How big a part do festivals and farm markets play in your state‘s wine distribution?
This year, I know that several Long Island wineries are selling their wines at New York City Greenmarkets and I hear it’s been very successful. Some Finger Lakes producers and one in particular, have been traveling down to Manhattan every week for some time. If they are willing to invest that time, they are clearly getting something out of it.
What are the challenges of getting your wines covered by local press and the wine media?
As a member of the media, my main comment here would be that it amazes me how many New York wineries lack basic media savvy. I’ve sent hundreds of un-returned query emails over the years.
The media is paying attention to NY wines more than ever — but are the wineries paying attention back?
Are there any fears you may have too many wineries in your state?
As a writer, there’s no such thing as too many wineries — the more wineries, the more stories to tell.
And even if there are too many wineries, I’m a big believer in natural selection…the best and best-run wineries will survive through any downturn.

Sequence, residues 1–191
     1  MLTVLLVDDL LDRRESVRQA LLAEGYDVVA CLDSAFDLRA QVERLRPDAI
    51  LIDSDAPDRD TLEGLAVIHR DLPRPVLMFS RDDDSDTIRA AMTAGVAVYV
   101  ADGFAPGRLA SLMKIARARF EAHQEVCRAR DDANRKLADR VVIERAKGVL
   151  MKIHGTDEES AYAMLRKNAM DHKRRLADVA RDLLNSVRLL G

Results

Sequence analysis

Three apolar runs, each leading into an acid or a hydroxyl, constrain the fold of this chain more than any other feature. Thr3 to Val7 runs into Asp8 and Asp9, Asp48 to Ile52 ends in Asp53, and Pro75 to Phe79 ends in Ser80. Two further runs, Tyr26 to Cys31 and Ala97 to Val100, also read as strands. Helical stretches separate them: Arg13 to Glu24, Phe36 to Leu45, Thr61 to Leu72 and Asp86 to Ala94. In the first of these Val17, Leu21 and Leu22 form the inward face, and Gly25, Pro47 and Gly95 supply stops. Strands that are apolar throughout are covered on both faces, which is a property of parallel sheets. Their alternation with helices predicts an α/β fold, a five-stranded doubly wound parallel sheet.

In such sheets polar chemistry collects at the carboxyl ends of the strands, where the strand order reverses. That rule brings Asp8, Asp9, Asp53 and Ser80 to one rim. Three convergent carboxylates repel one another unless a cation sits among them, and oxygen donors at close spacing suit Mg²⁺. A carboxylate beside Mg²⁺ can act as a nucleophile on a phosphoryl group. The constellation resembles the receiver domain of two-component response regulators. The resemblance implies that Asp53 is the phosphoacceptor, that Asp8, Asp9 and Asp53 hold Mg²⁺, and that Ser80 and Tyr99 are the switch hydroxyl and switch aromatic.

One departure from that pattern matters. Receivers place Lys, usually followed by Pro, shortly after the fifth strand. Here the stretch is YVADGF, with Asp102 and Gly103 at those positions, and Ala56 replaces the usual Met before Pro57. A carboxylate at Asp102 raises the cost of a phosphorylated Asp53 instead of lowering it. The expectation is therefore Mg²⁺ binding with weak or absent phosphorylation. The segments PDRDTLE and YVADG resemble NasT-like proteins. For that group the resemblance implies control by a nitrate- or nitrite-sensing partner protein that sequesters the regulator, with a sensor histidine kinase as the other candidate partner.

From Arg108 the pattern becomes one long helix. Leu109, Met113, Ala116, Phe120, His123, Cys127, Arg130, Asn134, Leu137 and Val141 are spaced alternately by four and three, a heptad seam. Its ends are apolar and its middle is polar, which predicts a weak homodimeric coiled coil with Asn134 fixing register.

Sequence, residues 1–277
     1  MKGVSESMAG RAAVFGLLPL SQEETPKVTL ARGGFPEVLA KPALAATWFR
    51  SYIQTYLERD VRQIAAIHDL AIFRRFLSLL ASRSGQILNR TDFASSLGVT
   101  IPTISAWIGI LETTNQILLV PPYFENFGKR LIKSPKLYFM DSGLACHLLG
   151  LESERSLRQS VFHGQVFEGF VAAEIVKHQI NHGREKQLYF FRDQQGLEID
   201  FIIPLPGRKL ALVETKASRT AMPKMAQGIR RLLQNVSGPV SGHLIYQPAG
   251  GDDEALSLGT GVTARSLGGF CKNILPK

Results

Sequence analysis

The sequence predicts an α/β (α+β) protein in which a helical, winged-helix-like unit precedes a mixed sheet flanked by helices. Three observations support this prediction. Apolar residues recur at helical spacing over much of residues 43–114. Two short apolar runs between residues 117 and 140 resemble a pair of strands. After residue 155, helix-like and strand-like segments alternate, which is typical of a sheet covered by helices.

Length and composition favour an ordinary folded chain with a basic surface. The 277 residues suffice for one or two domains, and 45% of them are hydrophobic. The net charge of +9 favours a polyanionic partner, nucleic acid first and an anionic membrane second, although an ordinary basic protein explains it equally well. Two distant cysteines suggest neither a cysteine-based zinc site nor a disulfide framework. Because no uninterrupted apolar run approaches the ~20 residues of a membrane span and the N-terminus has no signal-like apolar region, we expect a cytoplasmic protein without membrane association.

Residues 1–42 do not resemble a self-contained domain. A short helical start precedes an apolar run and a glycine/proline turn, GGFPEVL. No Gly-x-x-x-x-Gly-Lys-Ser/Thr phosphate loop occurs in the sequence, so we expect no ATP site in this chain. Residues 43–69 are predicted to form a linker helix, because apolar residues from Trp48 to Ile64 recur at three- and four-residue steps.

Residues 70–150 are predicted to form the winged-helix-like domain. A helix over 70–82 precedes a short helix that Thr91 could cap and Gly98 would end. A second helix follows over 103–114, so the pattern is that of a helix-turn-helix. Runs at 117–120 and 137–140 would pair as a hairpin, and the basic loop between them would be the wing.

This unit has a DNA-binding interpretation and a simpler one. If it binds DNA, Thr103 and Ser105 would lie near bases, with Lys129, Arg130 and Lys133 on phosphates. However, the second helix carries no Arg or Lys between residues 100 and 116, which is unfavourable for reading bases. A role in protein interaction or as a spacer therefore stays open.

Do you have any wine trails in your state? If so, how effective have they become? If not, why? How do your wineries effectively market themselves in groups? Or not? If not, why not?
This is something that I have many opinions about. I think that New York wineries, in general, do an awful job promoting themselves as a group. I’m not just talking about the lack of state-level promotion either. There are wine trails of course, and they do an okay job of pulling people to the regions for fairly lame events but beyond that, I can only think of one promotion group — Finger Lakes Wine Country — that has any impact beyond that. Or at least has had one to this point.
Are you finding there are enough grape growers to fill the demand created by wineries in your state?
Even with an expectedly smaller crop in 2009, I think there is still a grape glut. That said, I wanted to make some sauvignon blanc last year, but was unable to find any available here on Long Island.